Giuseppe Verdi’s Macbeth at Barcelona’s prestigious Gran Teatre del Liceu was hard to ignore. Jaume Plensa is not only a globally admired sculptor, but he is also something of a Catalan hero. This new production was bound to be the talk of the town.
While not Plensa’s first stage production, it is definitely his most ambitious operatic outing. The artist lent his hand not only to the stage but also to the new gates (installed late 2022) at the entrance of the theatre which boasts “three clouds of letters,” stainless steel letters from three different alphabets. Indeed, this Macbeth was positioned as something of a Gesamtkunstwerk, rather than just a new directorial approach to a well-trodden story.
MACBETH -Gran Teatre del Liceu- Barcelona 2023
The set design was stark and often dramatic, and the production left no doubt about who was in charge. The first two acts featured a giant head with the sculptor’s typical lettering, from which Macbeth and Banco climb for their first scene. The letters, while idiosyncratic, are meaningless, much as the various hoisted individual letters in other scenes or the large cut-outs of random people with nonsensical platitudes in speech bubbles formed in rising tubes.
The costumes were equally characteristic but looked more like bathrobes the Riddler would wear in a Batman movie than outfits for Scottish warriors. Lady Macbeth wore a virginal white gown throughout, the lettering illegible by the absent colour contrast. In the third act, Macbeth’s soldiers looked more like the Hebrew slaves in Nabucco than warring highlanders.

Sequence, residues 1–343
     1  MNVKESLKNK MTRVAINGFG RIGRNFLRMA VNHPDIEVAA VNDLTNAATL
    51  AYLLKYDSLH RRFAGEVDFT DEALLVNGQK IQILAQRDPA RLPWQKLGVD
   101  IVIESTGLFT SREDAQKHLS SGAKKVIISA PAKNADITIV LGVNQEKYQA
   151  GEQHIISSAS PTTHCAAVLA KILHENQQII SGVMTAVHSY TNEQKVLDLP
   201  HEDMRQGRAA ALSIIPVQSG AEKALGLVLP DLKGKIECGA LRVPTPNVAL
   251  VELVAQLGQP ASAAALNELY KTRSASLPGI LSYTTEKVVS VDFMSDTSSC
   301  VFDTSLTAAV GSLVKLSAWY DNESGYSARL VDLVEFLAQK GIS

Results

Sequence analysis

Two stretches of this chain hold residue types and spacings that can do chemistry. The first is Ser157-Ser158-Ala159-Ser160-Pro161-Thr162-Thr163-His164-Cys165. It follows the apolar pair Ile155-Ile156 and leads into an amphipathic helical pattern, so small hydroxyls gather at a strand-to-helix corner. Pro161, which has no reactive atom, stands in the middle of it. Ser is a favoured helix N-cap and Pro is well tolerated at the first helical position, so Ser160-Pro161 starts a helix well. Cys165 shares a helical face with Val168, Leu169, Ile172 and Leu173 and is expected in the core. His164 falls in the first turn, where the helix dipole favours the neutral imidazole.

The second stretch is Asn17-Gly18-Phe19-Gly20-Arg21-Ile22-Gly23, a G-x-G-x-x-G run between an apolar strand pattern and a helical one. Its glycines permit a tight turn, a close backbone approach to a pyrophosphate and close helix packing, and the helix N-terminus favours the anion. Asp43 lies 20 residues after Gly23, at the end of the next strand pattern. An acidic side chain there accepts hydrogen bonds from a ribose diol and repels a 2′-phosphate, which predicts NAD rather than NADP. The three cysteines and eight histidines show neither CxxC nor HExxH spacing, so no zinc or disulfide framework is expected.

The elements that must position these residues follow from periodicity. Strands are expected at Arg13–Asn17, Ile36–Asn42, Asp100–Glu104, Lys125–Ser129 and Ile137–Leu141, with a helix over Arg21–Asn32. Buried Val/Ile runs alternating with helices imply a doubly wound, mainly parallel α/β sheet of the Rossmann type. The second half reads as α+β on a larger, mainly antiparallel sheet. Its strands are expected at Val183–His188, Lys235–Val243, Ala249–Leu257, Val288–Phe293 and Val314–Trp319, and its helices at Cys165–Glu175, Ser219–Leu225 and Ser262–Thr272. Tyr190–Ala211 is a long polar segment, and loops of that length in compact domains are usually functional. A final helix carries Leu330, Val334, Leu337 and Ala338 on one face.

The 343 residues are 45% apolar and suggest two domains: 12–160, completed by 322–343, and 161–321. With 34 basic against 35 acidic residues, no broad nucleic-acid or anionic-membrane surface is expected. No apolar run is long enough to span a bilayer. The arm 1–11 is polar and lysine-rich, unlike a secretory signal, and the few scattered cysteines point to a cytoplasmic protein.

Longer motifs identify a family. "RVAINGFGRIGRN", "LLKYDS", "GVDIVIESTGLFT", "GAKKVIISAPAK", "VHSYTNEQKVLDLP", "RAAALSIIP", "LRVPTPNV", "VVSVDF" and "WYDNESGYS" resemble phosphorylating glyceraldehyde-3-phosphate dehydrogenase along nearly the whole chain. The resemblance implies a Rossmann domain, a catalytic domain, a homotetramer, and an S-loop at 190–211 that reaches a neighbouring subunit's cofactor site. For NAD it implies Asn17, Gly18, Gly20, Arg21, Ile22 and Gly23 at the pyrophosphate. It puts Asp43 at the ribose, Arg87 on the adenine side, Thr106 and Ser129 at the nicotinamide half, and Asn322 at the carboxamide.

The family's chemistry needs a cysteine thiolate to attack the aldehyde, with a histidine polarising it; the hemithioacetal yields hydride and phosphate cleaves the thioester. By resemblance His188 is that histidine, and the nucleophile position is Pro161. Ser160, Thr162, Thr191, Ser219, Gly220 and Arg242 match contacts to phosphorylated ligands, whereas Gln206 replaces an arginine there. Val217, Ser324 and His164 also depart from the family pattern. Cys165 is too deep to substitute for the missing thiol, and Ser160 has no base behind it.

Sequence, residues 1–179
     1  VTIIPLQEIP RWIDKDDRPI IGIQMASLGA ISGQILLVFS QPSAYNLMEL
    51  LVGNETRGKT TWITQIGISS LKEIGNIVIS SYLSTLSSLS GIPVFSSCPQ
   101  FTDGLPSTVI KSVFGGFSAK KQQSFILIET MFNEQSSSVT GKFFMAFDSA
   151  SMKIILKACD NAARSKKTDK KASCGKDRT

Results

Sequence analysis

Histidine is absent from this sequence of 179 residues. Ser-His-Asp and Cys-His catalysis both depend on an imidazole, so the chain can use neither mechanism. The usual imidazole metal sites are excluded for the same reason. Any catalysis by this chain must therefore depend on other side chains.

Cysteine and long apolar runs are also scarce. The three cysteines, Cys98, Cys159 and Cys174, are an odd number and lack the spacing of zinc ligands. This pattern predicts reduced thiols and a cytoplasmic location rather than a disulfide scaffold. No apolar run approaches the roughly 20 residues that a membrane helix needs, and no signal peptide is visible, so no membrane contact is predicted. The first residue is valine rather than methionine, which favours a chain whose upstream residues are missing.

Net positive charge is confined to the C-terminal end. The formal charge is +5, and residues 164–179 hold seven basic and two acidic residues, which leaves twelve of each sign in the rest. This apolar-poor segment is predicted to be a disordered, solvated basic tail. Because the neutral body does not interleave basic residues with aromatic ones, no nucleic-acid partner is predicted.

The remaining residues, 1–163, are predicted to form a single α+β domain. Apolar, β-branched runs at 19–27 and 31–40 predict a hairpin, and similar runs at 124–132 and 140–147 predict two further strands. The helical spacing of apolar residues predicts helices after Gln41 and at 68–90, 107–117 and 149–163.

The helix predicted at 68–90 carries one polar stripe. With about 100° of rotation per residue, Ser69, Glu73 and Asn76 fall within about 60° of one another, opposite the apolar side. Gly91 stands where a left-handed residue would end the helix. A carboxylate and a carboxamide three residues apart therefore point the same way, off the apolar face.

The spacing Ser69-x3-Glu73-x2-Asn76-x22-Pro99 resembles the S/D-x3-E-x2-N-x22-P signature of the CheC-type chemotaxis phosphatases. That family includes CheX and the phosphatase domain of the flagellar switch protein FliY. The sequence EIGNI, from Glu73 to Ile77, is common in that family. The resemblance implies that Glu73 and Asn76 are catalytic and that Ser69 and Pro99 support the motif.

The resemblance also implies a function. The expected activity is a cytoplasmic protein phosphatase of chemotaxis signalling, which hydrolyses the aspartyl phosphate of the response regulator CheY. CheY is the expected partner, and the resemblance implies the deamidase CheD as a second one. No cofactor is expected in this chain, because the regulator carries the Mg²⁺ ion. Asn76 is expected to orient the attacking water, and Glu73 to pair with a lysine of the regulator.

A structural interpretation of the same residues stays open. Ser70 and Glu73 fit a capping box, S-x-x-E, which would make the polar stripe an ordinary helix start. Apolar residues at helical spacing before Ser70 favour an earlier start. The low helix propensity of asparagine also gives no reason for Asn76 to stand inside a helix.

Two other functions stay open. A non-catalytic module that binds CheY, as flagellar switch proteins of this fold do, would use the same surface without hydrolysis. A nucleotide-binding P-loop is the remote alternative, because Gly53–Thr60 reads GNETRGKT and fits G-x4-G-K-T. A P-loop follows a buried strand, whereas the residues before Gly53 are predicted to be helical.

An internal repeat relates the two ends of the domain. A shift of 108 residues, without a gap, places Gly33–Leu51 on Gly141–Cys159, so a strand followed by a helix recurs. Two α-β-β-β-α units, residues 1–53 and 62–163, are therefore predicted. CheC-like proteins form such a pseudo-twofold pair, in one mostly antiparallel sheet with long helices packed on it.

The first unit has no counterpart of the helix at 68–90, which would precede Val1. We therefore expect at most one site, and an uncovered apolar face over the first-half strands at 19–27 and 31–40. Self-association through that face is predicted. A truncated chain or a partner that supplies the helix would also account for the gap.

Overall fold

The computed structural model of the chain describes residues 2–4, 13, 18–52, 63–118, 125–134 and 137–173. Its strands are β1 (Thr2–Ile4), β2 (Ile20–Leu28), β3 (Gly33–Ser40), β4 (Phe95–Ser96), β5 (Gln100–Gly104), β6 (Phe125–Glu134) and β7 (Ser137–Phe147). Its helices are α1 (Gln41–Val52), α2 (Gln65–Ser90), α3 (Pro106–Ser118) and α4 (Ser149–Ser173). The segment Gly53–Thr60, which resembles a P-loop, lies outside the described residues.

The title role was portrayed by Luca Salsi (alternating with Željko Lučić), one of the most respected Verdian baritones of the day. His voice is mellifluous, blading, and precise. Almost too beautiful for a villain like Macbeth. Just how beautiful a voice he possesses he demonstrated in the 4th act “Pietà, rispetto, amore.”
Macbeth – Pietà, rispetto, onore – Luca Salsi (Teatro alla Scala)
He was well paired with Erwin Schrott’s Banco, whose bass-baritone is commanding, virile, and warm, and by Francesco Pio Galasso in the small but pivotal role of Macduff. “O figli miei” was delivered with palpable passion and some nicely articulated top notes. Fabian Lara in the bit-role of Malcolm stood out as a rising talent worth following.
But the evening belonged to Sondra Radvanovsky. The American-Canadian is at the height of her powers. Her voice has the heft of a dramatic soprano but retains the agility of a belcantista. She regaled the audience with numerous stunning diminuendos, surprising depths, gorgeous trills and more than a few bone-chilling squillos. Her sleepwalking scene and aria “Una macchia è qui tuttora” was a vocal masterclass. If only the director had allowed her to do more than just clutch a small lamp.
Verdi’s Macbeth. Una macchia e qui tuttora by Sondra Radvanovsky
The chorus was oddly spotty. The witches sounded underpowered, though when complete the chorus managed to shine. Perhaps the chorus master (Pablo Assante) thought that witches must whisper. But more likely, the director placed them too far back at the stage.
In contrast, there was nothing shy about the dancers (Choreography Antonio Ruz) who enthusiastically accompanied the witches and put on a sensational ballet in Act 3, certainly the most visually engaging moment of the evening, vacillating wildly between untethered bacchanalian ecstasy and stunningly disciplined choreography.
Josep Pons whipped the orchestra through the long score, teasing out some nice details though occasionally drowning out the singers.
A musically successful performance of the highest standard. Though an emotionally engaging evening it was not. Plensa’s reputation as a masterful sculptor remains undisputed. His position as an operatic director is less clear.
Performance attended: 19.2.2023
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